Biopolymer Congress 2018: The impact of different backing films on adhesion properties of transdermal patches - Maryam Hamedanlou - Iran Polymer and Petrochemical Institute



In this work, the effect of different support films on the adhesive properties of Ketoprofen transdermal packs was investigated. Four supporting films, two types of plastic and two types of plaster, were used as support layers to prepare transdermal pieces containing Ketoprofen. The same formulation was applied to all samples and skin, tack, tensile, and contact angle analyzes were performed in detail. Contact angle test results showed the difference in surface energy and hydrophilicity of various supporting films. It was also observed that an increase in the surface energy of the back films gives higher skin strength of the samples. Another thing is an unstable relationship between the tack properties of the samples and an elastic modulus of the backing material for support films with a low elastic modulus. In addition to this, it was observed that supporting films play a major role in the design of Ketoprofen pieces and the adhesion level depended on back cover types. A transdermal patch is a medication adhesive pack. For delivering a specific dose of medication through skin and into the blood stream, a transdermal patch is applied. Often, this promotes healing to a vulnerable area of ​​the body. The main disadvantage to transdermal delivery systems comes from the fact that the skin is a highly effective barrier; consequently, only medicines containing molecules small enough to penetrate the skin can deliver this method. A wide variety of medications are now available in transdermal patch form. A transdermal bath is used to deliver medication through the skin. An adhesive patch containing medication is applied to the skin, and a specific dose is then absorbed through the skin and into the bloodstream. For patients and caregivers, it is a non-invasive, painless method of prescribing medication that provides a sustained therapeutic dosage for a limited time. Apparently conventional treatments mentioned, bandage, massage or applied to the skin (Figure 1A) were probably originally used, with the practices emerging with the appearance of written records, such as on the clay tablets used by the Sumerians. (Kramer, 1963). In fact, it has been suggested that a liquefied mixture of ocher, made 100 000 years ago and found at Blombos Cave in South Africa, may have been used for skin decoration and protection (Henshilwood et al ., 2011). Ancient Egyptians used oil (eg castor, olive and sesame), fat (mainly animals), perfumes (eg bitter almond, peppermint and rhododendron) and other ingredients to enhance their cosmetic and dermatological products. (unguents, creams, pomades, rouges, powder, and eye and nail paints) (Forbes, 1955). The mineral ores of copper (malachite: green) and lead (galena: dark gray) were used to prepare kohl, a package used for painting the eyes. Rough ether was used as a lip or face paint, and a mixture of lime and powdered oil was used as a cleaning cream (Lucas and Harris, 1962). The old lead-based products have been applied for both appearance and, based on religious beliefs, for protection against eye infections (Tapsoba et al., 2010). However, these effects may be true as recent studies involving low lead ion density by skin cells produced NO (Tapsoba et al., 2010), which is known to will provide protection against infection (Coleman, 2001). Several of Alza's early competitors - Key Pharmaceuticals, Theratech, Cygnus, Noven and LTS - used the matrix concept for nitroglycerin, oestradiol and testosterone to overcome the intellectual property challenges associated with Alza's technology in the 1980s. Collectively and at individual times, these matrix designs became the dominant product within the transdermal market (Figure 3). This market situation was achieved by being not only thinner and more flexible and therefore more comfortable and compliant, but also cheaper to manufacture. The design of the matrix surpassed both Alza's intellectual property ownership in reservoir design / rate control and most of the boundaries described herein related to that design. Regulatory There are usually three types of studies used to evaluate the outcome of a completed transdermal patch: product quality tests, in vitro drug product performance tests and in vivo drug product performance test. Outcomes of product quality typically include description (visual inspection of the patch), identification, assay (drug product content), asymmetry, dosage form dressing, residue clearance rates, cold flow properties (adhesive migration) out of the edge of the patch at storage or when the patch is applied to the patient), polymorphism and microbial boundaries. Other quality attributes may be product-specific such as water content (for hydroalcoholic reservoir patches), quantity of quantities (when drug substance is suspended in the patch), crystal formation test (when drug substance diffuse in patch) and leakage test (for liquid reservoir patch) (Van Buskirk et al., 2012; USP, 2014a). Crystallization is a particular problem that can arise from superstitious systems that are thermodynamically unstable and where a drug may crystallize during storage. Crystallization was first observed with scopolamine patches in the late 1980s when the previously liquid base appeared immediately as crystalline hydrates (Campbell et al., 1989b). Later, polymorphic oestradiol crystals could generate a more stable and soluble semi-hydrate in the presence of environmental humidity for any market oestradiol bath (Horstmann et al., 1998; Muller and  Horstmann, 1999). When the formation of 'snowflake' crystals in transdermal rotigotine patches, the product was withdrawn from some markets, reinforcing the harsh effect that crystallization can have on a patch shape (Chaudhuri, 2008; Waters, 2013). Low MW surfactants (e.g. Cremophor®), co-polymers of methacrylic (e.g. Eudragit®) (Kotiyan and Vavia, 2001; Cilurzo et al., 2005) and polyvinylpyrrolidone (Jain and Banga, 2012) are now added. - often referred to as the crystal of defenders.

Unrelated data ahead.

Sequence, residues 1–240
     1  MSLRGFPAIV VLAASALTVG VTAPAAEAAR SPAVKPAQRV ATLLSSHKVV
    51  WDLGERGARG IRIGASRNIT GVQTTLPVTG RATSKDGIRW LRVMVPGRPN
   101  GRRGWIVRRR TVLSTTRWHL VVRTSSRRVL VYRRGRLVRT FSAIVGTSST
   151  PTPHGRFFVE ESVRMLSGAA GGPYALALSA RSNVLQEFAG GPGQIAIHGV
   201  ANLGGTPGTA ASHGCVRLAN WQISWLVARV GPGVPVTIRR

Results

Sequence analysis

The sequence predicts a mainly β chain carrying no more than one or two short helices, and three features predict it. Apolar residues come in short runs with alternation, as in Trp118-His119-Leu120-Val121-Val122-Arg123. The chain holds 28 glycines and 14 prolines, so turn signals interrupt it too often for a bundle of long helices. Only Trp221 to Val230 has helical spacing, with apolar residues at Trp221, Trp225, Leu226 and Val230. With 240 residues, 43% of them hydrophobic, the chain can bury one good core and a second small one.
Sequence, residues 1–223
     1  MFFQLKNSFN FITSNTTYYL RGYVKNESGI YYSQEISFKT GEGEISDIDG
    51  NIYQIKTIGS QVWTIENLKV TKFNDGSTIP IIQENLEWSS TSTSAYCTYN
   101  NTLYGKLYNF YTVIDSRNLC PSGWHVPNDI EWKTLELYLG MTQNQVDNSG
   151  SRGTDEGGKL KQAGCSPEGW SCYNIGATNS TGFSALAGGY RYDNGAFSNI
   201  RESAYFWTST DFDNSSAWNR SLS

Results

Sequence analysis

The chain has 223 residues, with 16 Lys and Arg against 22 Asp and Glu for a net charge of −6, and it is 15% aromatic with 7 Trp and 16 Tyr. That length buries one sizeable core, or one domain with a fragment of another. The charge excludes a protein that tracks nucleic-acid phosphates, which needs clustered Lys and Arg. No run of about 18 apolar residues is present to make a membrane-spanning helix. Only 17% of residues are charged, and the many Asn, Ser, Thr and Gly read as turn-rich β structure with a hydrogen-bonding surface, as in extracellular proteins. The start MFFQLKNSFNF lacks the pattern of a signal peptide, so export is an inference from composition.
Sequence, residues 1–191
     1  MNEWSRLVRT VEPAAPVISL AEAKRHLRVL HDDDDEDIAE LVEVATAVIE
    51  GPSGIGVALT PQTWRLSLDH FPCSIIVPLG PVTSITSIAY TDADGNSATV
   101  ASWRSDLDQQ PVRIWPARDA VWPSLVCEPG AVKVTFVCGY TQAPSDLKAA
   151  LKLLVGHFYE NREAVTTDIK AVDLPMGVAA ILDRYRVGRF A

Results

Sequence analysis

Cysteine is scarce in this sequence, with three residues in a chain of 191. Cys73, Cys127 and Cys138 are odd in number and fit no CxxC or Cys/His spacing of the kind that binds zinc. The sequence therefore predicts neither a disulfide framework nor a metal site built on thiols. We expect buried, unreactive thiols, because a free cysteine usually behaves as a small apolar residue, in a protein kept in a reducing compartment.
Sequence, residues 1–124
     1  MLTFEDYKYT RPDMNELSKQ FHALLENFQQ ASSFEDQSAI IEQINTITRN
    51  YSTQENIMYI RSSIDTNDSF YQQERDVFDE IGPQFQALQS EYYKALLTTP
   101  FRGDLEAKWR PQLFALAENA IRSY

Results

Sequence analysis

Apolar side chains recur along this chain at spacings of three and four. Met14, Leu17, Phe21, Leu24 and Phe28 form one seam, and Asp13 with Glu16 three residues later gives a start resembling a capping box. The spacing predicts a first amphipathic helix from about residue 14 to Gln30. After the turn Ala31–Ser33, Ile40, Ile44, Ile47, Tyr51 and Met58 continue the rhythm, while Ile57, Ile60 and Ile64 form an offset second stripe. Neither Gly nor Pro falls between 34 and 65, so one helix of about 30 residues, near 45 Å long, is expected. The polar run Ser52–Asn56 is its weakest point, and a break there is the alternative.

Relevant Publications in Research & Reviews: Journal of Pharmaceutical Analysis